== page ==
Jean Sieur de Joinville relates:
"...The Queen Mother and the Bishop of Paris (Guillaume d'Auvergne), as well as many of the nobles, tried hard to persuade Louis to give up his proposed Crusade and apply to the Pope for a dispensation. The Bishop was most insistent, urging that when Louis took the Cross he was still weak from sickness and not in possession of his faculties; he urged as political dangers the power of Emperor Frederick and the "deceitful coin " of the King of England, the treachery of the Poitevins, the heresies of the Albigenses: "Germany is disturbed; Italy is not at rest; in front the road to the Holy Land is blocked; behind is the inexorable hate of Frederick and the Pope; implacable feuds: to all this you leave us."
Said the Queen Mother: " Remember, my son, that God loves obedient children. Stay till thou canst go with a larger army; God is no caviller; thy excuse is that thy senses were dazed and thy wits wandering."
To this the King replied, " You say that weakness of wit was the cause of my taking the Cross; lo, then, since you desire it, here I lay down the Cross, I resign it to you," and putting his hand to his shoulder he tore off the badge and presented it to the Archbishop. At this there was a buzz of applause and congratulation from all who sat round. Then said the King, and his voice and face changed, " My friends, you agree now, do you not, that I am in full possession of my senses? that now at any rate I am sane in mind and body? Give me back then my Cross. For He who knows all things knows that no food shall pass my lips until my Cross is restored to me."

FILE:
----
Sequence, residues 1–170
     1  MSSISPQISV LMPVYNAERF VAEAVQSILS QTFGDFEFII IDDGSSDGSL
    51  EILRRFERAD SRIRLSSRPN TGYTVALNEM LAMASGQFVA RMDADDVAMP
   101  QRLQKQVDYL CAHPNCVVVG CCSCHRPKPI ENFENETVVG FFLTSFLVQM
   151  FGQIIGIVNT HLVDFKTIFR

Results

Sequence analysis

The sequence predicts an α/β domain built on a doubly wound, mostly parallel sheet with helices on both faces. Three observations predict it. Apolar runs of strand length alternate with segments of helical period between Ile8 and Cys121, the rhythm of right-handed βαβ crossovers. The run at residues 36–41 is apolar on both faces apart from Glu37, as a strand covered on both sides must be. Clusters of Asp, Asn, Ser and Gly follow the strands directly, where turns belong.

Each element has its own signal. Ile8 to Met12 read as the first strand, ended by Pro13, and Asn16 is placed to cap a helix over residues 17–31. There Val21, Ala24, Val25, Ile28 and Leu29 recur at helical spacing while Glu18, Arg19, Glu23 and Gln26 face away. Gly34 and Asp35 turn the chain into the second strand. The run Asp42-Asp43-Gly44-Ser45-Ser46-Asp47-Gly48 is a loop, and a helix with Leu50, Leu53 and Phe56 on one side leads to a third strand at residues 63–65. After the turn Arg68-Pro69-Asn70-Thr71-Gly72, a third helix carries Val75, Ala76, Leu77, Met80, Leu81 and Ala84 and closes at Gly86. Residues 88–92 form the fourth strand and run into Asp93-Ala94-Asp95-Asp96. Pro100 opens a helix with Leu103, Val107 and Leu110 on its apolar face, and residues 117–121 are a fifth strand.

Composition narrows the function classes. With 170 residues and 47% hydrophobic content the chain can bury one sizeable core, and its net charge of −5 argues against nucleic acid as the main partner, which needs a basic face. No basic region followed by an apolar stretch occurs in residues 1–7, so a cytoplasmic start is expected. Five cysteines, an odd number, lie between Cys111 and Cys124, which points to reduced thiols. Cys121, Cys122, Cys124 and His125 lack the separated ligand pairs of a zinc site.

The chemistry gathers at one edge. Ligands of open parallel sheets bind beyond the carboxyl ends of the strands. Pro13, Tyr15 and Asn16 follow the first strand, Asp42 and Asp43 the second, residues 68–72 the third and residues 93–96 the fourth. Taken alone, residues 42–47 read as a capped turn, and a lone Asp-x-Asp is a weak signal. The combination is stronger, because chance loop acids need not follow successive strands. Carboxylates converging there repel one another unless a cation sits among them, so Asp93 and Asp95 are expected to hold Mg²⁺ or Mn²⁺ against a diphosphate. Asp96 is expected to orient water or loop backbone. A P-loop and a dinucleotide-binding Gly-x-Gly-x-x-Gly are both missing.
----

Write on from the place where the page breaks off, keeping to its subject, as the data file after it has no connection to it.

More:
And when they that stood round heard this, they declared: " This was the finger of God." ...
Dieu le Roy,
*As opposed to a oath which ask God to witness. Breaking both is a serious offense to God. Example, marriage "vows" are not made to each other but to God, promising to Love, Cherish, and honour each other. This is why it is so important to make these vows in the presence of a Priest, or Deacon.
An example of a bad vow is Scarlett O'hara vowing to never be hungry again. One cannot state a vow for something over which one does not have control.